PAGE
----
Lu Parker - Morning Entertainment(occasional substitute for Leila Feinstein)
Sam Rubin - entertainment Entermainent Reporters

Janet Choi - field reporter/special assignments
Kalina Rahal - morning show producer
Jaime Chambers - field reporter
Stan Chambers - field reporter
Nicole Gonzales - Morning traffic from KTLA HD Telecopter (First Edition, Early Edition, part of Morning Show)
Kurt Knutsson ("Kurt the Cyberguy") - technology
Johnny McCool - Helicopter pilot. Reports breaking news from KTLA HD Telecopter for Prime News
Lynette Romero - field reporter
Kim Rouggie- field reporter
Willa Sandmeyer - field reporter
Analia Sarno Riggle - Spanish language translator (SAP) for evening news
Commander Chuck Street - Morning Traffic from Mountain Dew/Pepsi Jet Ranger 1
Bill Smith - field reporter, occasional traffic reporter
Chip Yost- field reporter Reporters

Ed Arnold - sports anchor
Terry Anzur - evening news anchor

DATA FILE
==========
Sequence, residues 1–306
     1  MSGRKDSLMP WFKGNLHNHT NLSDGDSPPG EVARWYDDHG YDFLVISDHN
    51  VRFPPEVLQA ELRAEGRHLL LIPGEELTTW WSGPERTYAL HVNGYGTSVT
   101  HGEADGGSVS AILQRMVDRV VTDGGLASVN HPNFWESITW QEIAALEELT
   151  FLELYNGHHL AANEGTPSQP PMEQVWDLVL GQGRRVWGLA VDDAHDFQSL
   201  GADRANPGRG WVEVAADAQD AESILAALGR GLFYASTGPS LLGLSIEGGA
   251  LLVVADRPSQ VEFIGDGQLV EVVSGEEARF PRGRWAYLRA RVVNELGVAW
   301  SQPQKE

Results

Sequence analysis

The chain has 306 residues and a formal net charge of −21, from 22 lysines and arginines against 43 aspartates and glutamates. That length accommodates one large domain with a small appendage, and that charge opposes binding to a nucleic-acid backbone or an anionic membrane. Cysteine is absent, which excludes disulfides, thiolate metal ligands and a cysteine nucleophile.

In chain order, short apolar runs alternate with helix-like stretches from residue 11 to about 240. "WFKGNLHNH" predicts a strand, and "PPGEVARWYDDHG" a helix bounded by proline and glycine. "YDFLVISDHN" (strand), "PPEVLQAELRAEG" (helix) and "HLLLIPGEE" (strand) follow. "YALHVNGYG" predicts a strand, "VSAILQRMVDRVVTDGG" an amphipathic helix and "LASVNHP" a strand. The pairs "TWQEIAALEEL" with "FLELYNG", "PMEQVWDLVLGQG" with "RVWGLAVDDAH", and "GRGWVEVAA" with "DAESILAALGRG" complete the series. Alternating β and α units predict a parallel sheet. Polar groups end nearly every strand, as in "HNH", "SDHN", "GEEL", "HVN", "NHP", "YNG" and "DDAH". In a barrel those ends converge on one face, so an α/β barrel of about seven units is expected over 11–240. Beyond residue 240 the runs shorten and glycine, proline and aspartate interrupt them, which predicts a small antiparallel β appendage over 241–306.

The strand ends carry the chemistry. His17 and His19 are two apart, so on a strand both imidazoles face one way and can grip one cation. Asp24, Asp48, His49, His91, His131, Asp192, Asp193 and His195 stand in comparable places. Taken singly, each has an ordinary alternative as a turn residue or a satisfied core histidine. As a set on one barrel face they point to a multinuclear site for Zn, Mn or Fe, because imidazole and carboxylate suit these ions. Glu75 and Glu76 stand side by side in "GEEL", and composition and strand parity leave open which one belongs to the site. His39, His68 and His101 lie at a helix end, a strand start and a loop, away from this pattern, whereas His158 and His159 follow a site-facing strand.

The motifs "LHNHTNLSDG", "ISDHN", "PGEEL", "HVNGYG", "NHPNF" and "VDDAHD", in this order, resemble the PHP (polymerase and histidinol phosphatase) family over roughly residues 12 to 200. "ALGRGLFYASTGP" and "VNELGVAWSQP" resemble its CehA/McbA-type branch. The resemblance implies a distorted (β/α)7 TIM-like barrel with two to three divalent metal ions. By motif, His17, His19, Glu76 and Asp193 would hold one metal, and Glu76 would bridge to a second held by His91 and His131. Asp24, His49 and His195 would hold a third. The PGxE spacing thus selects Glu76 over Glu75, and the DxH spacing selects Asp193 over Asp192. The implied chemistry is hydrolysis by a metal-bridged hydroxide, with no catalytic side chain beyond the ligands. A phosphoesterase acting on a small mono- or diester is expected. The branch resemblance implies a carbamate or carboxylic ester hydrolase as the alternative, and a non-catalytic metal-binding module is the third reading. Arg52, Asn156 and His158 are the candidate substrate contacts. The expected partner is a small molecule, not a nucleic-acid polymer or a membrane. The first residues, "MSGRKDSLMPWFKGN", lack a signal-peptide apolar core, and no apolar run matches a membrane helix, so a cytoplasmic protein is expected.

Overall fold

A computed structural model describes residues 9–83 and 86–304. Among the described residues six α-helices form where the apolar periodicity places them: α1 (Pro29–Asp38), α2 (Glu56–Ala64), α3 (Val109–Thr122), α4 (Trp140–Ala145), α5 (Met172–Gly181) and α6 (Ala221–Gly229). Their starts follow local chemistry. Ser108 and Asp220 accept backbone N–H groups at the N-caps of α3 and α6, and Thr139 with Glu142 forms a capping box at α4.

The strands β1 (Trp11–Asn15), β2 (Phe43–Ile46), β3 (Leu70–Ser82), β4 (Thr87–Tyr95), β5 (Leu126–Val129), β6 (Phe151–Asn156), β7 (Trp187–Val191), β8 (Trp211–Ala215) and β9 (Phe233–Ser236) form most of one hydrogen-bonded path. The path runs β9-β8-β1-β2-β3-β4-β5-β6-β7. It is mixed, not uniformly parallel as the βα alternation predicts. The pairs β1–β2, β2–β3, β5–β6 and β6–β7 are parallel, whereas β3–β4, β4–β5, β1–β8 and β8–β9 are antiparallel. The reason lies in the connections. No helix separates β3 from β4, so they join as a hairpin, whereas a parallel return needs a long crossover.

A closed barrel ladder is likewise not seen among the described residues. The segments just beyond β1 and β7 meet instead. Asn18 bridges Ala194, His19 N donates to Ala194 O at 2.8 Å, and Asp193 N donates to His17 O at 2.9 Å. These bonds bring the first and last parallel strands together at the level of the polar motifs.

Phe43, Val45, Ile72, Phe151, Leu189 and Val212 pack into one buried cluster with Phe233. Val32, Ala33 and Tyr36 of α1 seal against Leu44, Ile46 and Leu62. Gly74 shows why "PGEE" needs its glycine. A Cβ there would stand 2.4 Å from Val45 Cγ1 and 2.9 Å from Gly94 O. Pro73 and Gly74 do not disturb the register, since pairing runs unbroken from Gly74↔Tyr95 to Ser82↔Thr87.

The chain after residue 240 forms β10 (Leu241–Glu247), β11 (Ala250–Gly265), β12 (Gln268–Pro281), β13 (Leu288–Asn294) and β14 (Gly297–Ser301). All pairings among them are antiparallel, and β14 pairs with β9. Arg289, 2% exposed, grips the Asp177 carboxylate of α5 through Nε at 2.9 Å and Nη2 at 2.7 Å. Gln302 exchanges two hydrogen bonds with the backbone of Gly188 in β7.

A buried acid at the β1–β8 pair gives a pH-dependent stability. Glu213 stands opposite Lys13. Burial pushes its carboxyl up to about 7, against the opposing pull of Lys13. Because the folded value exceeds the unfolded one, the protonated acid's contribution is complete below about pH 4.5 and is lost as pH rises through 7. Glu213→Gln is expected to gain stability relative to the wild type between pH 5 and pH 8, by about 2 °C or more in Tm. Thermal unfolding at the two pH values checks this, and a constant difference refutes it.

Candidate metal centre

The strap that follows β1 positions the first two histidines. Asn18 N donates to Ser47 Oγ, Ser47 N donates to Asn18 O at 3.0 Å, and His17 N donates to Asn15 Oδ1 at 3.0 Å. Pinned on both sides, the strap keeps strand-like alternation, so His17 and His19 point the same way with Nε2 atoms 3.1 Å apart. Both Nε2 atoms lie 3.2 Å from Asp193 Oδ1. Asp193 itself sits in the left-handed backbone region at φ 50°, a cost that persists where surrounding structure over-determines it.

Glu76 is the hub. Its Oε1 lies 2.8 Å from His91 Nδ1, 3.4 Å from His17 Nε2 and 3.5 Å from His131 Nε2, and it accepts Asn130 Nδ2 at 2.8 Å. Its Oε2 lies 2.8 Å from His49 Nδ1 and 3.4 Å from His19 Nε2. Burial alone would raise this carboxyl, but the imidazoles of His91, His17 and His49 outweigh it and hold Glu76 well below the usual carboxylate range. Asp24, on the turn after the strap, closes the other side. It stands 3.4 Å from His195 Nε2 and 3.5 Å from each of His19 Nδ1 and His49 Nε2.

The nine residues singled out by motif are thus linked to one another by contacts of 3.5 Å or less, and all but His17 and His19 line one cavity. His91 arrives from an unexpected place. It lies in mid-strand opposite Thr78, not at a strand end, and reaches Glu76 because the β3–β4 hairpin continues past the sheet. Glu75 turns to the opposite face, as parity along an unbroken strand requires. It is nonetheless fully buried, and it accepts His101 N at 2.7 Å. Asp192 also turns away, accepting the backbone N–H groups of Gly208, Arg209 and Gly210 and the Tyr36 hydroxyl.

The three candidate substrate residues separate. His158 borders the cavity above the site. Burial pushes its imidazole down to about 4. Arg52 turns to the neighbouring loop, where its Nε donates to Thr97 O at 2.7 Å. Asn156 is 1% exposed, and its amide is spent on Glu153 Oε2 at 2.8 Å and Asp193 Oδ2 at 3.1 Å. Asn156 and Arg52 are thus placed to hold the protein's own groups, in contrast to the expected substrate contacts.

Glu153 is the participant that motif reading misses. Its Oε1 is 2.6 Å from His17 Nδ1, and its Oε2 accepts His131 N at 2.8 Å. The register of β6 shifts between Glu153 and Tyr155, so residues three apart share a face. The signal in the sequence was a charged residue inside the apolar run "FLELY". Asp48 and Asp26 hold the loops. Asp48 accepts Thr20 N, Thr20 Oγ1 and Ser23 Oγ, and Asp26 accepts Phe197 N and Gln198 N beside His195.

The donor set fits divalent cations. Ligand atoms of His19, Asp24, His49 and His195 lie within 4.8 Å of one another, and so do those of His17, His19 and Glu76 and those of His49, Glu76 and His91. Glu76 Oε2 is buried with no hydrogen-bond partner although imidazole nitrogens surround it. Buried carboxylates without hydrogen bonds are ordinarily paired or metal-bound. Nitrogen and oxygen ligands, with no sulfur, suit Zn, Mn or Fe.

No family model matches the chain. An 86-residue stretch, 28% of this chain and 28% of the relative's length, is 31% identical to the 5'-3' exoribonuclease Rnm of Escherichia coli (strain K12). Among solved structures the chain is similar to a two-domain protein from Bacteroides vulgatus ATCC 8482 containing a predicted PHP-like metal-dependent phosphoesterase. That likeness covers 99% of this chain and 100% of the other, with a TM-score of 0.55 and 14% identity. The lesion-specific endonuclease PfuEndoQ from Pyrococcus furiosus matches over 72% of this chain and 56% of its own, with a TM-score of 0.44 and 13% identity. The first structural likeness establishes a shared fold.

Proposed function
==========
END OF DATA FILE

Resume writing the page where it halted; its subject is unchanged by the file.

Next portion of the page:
Barbara Beck - morning news anchor
Mike Botula - reporter
Mindy Burbano - Entertainment Reporter; returned as substitute entertainment reporter for Ross King on July 24, 2006
Joe Buttita - sports anchor
Jann Carl - News At Ten Anchor, 1988-1996 now a weekend anchor and reporter for ET!
Debby Davison - News At Ten Anchor, 1981-1990; later anchored at KEYT in Santa Barbara from 1990-2006 but has moved on.
Tom Duggan - sports and talk-show host (1956-1969), deceased
Giselle Fernández - morning news anchor
Hal Fishman - evening news anchor, (1975-2007), deceased. As of 2007, Fishman was the longest running anchor of KTLA and longest running news anchor in American television history
Roland Galvan - evening weather (1995-2002)
Ted Garcia - weekend news anchor & reporter